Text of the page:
The release of the new Samyang 35mm f1.4 autofocus lens for the Sony E mount system has grabbed everyone’s attention. Owning both this lens as well as the Sony Zeiss Distagon T* 35mm f/1.4, I have been constantly asked to do a comparison review. In this comparison, I will go through everything showing the differences between the lenses.
In this article, I aim to explain what TTL is, what is does and how it can be implemented into a photographic workflow. I also go on to share my test images from a recent shoot where I tested the TTL abilities of the Godox AD600 / PixaPro Citi600 TTL / Flashpoint Xplor 600 TTL flash head. The test shots provided below show you exactly the strengths and the weaknesses of the function for a variety of situations.
I’ve wondered for a long time what it means to be an ethical landscape photographer. Sure, this field isn’t known for its wide-reaching moral dilemmas or particularly sticky situations, but the question still deserves attention. As landscape photographers, we are in a rare position to show the Earth’s most amazing places to an audience of countless people. It makes sense to me that we should do so with respect. One of the most important rules? Don’t cause harm — not in the field, and, perhaps, not even in post-production.
There is no doubting that analogue photography is on the up – or at least, it did hit rock bottom and it has bounced. But is gravity going to take hold; is it on the verge of failure again? Or is it about to break through into the mainstream again like vinyl records have? Moreover, is the huge part crowdfunding has played in this process ultimately going to be key to the success, or will it issue the final death warrant to the film photography industry?
It might seem like one of the simplest parts of photography: leveling your horizon. Most photographers want their horizons to be straight, of course, but this isn’t an area of photography that gets too much attention. And why would it? Leveling the horizon is a very easy task — right? In practice, though, it requires more care than many people think. You can’t just rely on your camera’s “virtual horizon,” or your post-processing software’s “auto straighten” tool. Our perception of a level horizon is more complicated than that.
People think that because I expect the worst and try to prepare for it, that I’m negative. That’s not it at all. I’m not a negative person; I’m cheerfully cynical. If I expect the worst and it doesn’t happen, I’m happy because things went better than I expected. If I expect the worst and it does happen, I’m happy, because I can tell everyone, “See, I told you this would happen.” So I expect the worst because that keeps me happy.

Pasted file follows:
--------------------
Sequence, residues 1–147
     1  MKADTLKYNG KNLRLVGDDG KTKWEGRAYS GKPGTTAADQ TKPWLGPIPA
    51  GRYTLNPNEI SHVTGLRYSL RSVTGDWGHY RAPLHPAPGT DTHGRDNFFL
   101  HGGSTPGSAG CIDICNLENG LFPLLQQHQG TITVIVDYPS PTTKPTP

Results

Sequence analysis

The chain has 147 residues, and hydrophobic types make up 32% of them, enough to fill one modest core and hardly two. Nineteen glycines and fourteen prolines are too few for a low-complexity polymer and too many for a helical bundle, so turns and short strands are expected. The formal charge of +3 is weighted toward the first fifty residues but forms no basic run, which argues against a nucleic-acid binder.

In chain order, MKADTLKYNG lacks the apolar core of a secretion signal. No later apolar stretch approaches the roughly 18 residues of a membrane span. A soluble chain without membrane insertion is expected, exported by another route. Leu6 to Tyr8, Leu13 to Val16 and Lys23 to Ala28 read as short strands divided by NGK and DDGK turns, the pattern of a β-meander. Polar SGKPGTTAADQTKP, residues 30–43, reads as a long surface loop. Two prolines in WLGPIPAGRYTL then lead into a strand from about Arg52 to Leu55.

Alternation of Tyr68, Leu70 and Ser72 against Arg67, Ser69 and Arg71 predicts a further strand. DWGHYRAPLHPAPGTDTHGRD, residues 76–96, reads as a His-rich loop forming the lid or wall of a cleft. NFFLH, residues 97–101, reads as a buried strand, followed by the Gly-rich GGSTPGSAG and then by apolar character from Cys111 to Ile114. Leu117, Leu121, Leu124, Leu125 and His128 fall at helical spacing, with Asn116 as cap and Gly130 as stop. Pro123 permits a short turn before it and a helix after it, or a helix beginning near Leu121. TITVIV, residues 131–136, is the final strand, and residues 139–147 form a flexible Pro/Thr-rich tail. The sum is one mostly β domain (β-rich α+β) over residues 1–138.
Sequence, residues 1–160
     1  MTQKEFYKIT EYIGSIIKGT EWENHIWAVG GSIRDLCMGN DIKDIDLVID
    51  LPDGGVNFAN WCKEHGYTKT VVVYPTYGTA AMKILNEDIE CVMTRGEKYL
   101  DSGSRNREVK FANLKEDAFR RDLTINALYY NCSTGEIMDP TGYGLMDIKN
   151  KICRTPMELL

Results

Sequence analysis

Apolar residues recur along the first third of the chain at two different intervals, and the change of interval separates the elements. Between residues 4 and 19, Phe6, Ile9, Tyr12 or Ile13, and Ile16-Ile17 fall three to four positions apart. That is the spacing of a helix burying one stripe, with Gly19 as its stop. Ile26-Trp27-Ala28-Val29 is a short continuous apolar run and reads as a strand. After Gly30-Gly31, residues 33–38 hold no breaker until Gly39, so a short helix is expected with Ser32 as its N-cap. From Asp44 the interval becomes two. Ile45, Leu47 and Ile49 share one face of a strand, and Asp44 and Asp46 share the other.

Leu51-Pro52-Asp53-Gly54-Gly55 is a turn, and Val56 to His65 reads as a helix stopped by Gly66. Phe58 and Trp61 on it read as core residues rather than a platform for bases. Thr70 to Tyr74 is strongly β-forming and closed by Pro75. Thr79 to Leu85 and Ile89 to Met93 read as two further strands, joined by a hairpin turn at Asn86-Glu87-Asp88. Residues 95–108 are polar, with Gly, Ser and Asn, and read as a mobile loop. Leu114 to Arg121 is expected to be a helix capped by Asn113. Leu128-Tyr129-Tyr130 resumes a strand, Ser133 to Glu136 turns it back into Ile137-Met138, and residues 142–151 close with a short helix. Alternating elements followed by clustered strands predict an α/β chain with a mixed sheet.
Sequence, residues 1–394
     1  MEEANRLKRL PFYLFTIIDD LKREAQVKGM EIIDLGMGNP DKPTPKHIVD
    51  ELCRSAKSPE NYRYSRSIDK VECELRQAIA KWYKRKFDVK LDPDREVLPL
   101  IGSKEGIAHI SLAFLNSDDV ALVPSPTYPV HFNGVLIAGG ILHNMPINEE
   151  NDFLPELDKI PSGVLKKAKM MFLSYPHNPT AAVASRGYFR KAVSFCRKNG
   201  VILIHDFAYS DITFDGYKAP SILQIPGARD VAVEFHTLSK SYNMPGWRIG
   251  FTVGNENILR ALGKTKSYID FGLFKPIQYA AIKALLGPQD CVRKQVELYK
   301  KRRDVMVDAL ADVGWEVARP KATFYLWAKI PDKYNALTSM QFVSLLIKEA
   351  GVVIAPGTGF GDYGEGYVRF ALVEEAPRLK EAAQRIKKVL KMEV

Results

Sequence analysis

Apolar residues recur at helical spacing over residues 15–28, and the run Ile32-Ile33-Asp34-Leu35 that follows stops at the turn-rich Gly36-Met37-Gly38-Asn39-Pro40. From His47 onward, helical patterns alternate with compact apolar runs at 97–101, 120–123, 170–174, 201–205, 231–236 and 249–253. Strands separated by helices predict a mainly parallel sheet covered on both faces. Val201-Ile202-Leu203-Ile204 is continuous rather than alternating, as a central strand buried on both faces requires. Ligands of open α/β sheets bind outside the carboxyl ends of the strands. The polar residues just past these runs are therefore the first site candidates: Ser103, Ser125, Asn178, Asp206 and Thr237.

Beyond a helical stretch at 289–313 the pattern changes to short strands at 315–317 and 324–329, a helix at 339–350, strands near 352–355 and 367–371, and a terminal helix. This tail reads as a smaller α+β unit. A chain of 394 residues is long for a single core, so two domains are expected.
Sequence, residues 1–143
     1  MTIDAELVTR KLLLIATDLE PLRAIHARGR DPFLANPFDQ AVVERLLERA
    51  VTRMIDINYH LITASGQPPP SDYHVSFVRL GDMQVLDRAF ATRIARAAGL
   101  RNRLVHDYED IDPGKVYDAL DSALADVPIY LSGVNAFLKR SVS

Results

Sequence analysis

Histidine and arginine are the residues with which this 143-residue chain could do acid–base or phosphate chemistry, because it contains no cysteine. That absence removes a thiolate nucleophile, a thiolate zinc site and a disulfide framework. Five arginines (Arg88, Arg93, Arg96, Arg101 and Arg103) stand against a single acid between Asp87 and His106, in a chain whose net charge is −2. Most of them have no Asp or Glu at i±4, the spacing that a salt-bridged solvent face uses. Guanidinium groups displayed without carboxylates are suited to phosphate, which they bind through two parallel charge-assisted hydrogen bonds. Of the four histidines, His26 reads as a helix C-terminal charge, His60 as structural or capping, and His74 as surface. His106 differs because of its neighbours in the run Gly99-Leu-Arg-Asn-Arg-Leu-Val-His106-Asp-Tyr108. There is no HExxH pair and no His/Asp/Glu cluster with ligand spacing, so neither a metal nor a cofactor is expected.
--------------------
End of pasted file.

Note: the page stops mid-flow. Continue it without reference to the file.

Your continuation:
This post is a superb example of why expecting the worst is reasonable. There are all kinds of badness in this one post. There’s nothing good here at all. Well, except for Aaron’s disassembly. That’s very good. Everything else here is about mistakes.
I more than often hear landscape photographers complaining about “bad” weather and then say it’s chugging down. Honestly, I don’t know what they’re talking about. I thrive in stormy weather. Rain, strong winds, and what can sometimes be a bit of a problem, low hanging clouds – yes it’s next to nearly impossible to keep your camera dry, it’s next to nearly impossible to keep the lens clean and it requires extra energy to keep up the spirit – but “bad” weather is not bad weather, it’s amazing. For two reasons: One, you can photograph during daytime instead of hitting odd hours during sunset or sunrise. Two: And most importantly, it can create some amazing dramatic photos with a lot of atmosphere.
I’m a creative minded person and feel very frustrated when the creativity strikes and I have nothing to photograph. This was the main reason I started making these cardboard models.
I thought of all the everyday home items that could be used for creating figures. I found the boxes we used when we moved into our home are still in our garage. They had also “nice” package symbols on them which gave me a couple of ideas of the story that could be created around them and also ended up using them concretely on two of my pictures.
The use of slit scan photography is actually quite old. It is often called line-scan, photo finish, or streak photography. Slit scan photography has a rich and colorful history rooted in chemical analog photography. This technique is often used to visualize high-speed events, such as missiles and bullets, although it is probably best known as photo finish photography that is used to determine the outcome of races.
In the past, slit scan photographic systems used a sheet of film that was moved past a slit. These cameras were most commonly used as photo finish cameras at races and, for example, could very precisely measure the time one horse might have won the race by. There were a number of designs of these types of systems. One of the most interesting slit scan cameras had the camera and film moving at the same time to create a panoramic picture. The last camera on the market to use this technique was the Spinner Dolphin 360 made by Lomography.
Back in June, I was given the opportunity to test the new crazy lens by Laowa – the Laowa 24mm f/14 2:1 Relay Lens. It measures about 40cm in length and looks more like an endoscope rather than a traditional lens. While such relay lens designs are not entirely new with a few other examples in underwater macro photography, there are rarely any readily available options for terrestrial macro photography.
I only managed to spend a few hours with it during an inter-tidal shoot, and compiled some clips in the intro video here: